And while that was a positive recognition and a first step, it did not go far enough, and it was also couched in quite problematic language. Because in an interview, Obama said “although Israel was founded based on this historic Jewish homeland and the need to have a Jewish homeland, Israeli democracy has been premised on everybody in the country being treated equally and fairly.” And there could be nothing further from the truth because since 1948 we have been discriminated against in all facets of life.
People tell me—but you are a citizen, and you can vote, and you can travel freely. Yes, I’m a citizen, and yes, I can vote, and yes, I can leave from Ben-Gurion airport, whereas Palestinians in the West Bank and Gaza cannot do that. Some of us, though, a lot of us to have to go through extra Israeli security because we stand up for or oppose Israel’s policies. And so while I can travel through Ben-Gurion airport, I am always pulled aside, and it takes quite a long time till they search every nook and cranny of everything that I’m carrying and everything that is on me. Whereas Jewish Israelis or Jews coming from anywhere in the world don’t have to go through that.
But also the little things—I think not so little—but things that you might not hear about. My grandfather passed away fighting to keep his land. We come from a small village in the Galilee, a village that is now about half its size. My grandfather was the largest landowner in that village. Israel kept taking part of that land to build what they called moshavim-like settlements inside Israel for immigrants that they pulled over from abroad in order to increase the number of Jews inside the country.
When I was younger, because I was born in the United States and my parents years ago (and I won’t say how many so as to not let you know how old I am), but many years ago, my parents left when my mother was eight months pregnant with me because they wanted to raise up or to start their family in the United States, where they wouldn’t live under occupation in Beit Sahour—which is where my mom is from, it’s a West Bank town near Bethlehem—or live as a discriminated-against minority inside Israel. And so I was born and raised here. But, as Delinda said, because my father is an Israeli citizen, he was able to give me citizenship, and therefore I am also an Israeli citizen.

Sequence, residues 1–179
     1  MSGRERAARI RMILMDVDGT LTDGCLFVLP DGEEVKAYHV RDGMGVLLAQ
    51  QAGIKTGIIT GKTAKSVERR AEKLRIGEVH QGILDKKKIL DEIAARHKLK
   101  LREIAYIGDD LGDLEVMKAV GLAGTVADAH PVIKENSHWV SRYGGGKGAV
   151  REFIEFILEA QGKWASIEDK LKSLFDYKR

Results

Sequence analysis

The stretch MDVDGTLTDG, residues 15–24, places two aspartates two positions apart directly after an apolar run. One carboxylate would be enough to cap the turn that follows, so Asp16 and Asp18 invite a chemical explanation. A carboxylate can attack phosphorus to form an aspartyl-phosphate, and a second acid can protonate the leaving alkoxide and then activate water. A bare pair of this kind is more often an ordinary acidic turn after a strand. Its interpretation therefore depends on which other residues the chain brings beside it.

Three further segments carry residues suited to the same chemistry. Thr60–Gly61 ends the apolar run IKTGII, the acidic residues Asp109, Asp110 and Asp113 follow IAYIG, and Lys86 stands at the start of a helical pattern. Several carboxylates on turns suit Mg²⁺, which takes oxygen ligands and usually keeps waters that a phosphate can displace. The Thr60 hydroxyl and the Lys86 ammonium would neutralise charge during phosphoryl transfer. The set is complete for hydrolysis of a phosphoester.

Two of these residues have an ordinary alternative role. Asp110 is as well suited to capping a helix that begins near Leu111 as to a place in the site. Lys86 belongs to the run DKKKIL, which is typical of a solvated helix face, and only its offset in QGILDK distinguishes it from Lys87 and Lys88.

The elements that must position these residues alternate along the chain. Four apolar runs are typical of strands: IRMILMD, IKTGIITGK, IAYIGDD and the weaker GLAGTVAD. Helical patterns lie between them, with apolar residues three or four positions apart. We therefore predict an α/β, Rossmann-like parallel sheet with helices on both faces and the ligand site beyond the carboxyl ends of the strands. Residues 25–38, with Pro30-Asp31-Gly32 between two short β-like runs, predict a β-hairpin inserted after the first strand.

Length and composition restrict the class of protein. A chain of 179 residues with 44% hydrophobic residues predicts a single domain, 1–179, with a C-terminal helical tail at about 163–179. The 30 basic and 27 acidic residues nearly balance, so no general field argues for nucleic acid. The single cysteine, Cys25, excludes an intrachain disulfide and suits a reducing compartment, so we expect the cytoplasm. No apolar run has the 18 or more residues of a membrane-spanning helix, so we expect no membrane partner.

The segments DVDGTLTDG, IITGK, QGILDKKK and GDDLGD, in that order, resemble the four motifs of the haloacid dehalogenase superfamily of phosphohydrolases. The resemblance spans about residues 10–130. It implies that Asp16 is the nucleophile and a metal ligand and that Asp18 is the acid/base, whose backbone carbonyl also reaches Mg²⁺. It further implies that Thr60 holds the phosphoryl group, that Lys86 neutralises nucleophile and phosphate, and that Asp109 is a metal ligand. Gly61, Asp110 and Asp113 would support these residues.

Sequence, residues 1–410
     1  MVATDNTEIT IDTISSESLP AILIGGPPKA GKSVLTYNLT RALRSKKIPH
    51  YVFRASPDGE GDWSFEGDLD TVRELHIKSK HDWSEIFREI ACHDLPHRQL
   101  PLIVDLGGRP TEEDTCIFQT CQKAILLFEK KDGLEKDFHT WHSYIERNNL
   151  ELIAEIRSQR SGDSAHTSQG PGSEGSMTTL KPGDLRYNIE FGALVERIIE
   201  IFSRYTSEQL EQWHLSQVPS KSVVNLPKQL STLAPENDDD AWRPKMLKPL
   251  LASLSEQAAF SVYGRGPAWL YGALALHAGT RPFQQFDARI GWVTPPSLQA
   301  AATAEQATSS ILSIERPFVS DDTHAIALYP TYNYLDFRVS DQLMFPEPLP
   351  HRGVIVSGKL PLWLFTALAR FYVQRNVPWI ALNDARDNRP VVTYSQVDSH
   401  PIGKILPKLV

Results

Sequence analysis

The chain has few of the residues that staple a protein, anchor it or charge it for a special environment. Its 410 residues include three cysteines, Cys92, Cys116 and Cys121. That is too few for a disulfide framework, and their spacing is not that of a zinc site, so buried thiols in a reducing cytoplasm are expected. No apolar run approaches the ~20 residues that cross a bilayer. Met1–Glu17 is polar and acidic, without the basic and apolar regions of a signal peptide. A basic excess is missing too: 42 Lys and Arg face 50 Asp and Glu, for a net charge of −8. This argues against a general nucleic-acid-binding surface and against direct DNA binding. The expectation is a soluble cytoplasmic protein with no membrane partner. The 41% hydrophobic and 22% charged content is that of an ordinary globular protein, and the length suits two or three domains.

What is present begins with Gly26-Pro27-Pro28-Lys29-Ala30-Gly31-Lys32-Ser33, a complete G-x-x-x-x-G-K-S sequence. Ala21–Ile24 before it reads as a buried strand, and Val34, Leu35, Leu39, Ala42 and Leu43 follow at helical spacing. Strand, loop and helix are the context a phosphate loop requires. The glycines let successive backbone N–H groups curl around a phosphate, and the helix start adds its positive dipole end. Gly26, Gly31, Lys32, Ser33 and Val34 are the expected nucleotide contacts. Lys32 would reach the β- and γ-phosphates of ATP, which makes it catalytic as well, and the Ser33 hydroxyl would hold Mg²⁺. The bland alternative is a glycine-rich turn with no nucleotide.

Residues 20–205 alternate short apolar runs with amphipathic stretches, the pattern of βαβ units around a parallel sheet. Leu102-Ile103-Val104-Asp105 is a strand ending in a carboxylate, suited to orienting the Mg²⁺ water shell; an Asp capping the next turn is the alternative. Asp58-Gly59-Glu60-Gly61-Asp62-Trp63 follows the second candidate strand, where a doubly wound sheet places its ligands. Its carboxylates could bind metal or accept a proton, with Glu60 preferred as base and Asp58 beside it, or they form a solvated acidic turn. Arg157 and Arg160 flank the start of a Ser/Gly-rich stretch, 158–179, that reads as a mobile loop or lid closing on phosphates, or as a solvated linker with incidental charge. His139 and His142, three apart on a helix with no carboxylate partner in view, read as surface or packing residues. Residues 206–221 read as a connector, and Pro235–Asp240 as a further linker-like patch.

Now, when I was younger, we could go back and forth and my father tried to take us all the time—almost every summer—so we could maintain a connection with our land and with our family there. In 1986, that was the last time we went as a family. Because by that time, I was old enough to be cognizant of the discrimination that we were treated with, the humiliation that we were forced to endure as we were separated and strip-searched. Even as children when we were traveling, I was the oldest of four kids at that time, and even as young kids we were strip-searched. We were held for so long that the plane took off without us. This is when we were searched actually in Amsterdam—as Israeli security was in Amsterdam—on the way to Israel, and the same thing leaving. So my father decided that he wasn’t going to go back again with us as a family.
In 2000, his siblings were telling him that, you know, your father is getting sick and he’s dying, you should come see him. He wouldn’t go. And the next time that he went was to attend his father’s funeral. And I think that that’s a mild case, because things are so much worse in many other instances where families are completely separated from each other. Where Jews anywhere have a right to come and get almost automatic citizenship in Israel, but Palestinians who were made refugees cannot be reunited with their families that remained and that are now citizens of Israel.